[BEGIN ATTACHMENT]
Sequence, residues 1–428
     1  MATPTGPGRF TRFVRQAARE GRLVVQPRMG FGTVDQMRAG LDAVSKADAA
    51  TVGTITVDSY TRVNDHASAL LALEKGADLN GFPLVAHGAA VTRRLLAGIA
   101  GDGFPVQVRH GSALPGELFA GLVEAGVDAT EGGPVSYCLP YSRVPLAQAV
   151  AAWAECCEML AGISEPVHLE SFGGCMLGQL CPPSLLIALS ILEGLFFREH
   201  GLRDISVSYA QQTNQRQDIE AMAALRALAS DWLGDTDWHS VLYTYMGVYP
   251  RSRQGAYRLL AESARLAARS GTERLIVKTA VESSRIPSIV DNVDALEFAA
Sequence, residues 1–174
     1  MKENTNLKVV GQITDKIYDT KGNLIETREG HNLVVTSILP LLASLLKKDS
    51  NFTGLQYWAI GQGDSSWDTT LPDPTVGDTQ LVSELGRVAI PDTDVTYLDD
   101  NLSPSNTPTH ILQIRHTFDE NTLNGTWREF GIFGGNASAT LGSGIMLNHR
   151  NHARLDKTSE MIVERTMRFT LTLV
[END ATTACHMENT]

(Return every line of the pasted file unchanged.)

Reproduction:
Sequence, residues 1–428
     1  MATPTGPGRF TRFVRQAARE GRLVVQPRMG FGTVDQMRAG LDAVSKADAA
    51  TVGTITVDSY TRVNDHASAL LALEKGADLN GFPLVAHGAA VTRRLLAGIA
   101  GDGFPVQVRH GSALPGELFA GLVEAGVDAT EGGPVSYCLP YSRVPLAQAV
   151  AAWAECCEML AGISEPVHLE SFGGCMLGQL CPPSLLIALS ILEGLFFREH
   201  GLRDISVSYA QQTNQRQDIE AMAALRALAS DWLGDTDWHS VLYTYMGVYP
   251  RSRQGAYRLL AESARLAARS GTERLIVKTA VESSRIPSIV DNVDALEFAA
Sequence, residues 1–174
     1  MKENTNLKVV GQITDKIYDT KGNLIETREG HNLVVTSILP LLASLLKKDS
    51  NFTGLQYWAI GQGDSSWDTT LPDPTVGDTQ LVSELGRVAI PDTDVTYLDD
   101  NLSPSNTPTH ILQIRHTFDE NTLNGTWREF GIFGGNASAT LGSGIMLNHR
   151  NHARLDKTSE MIVERTMRFT LTLV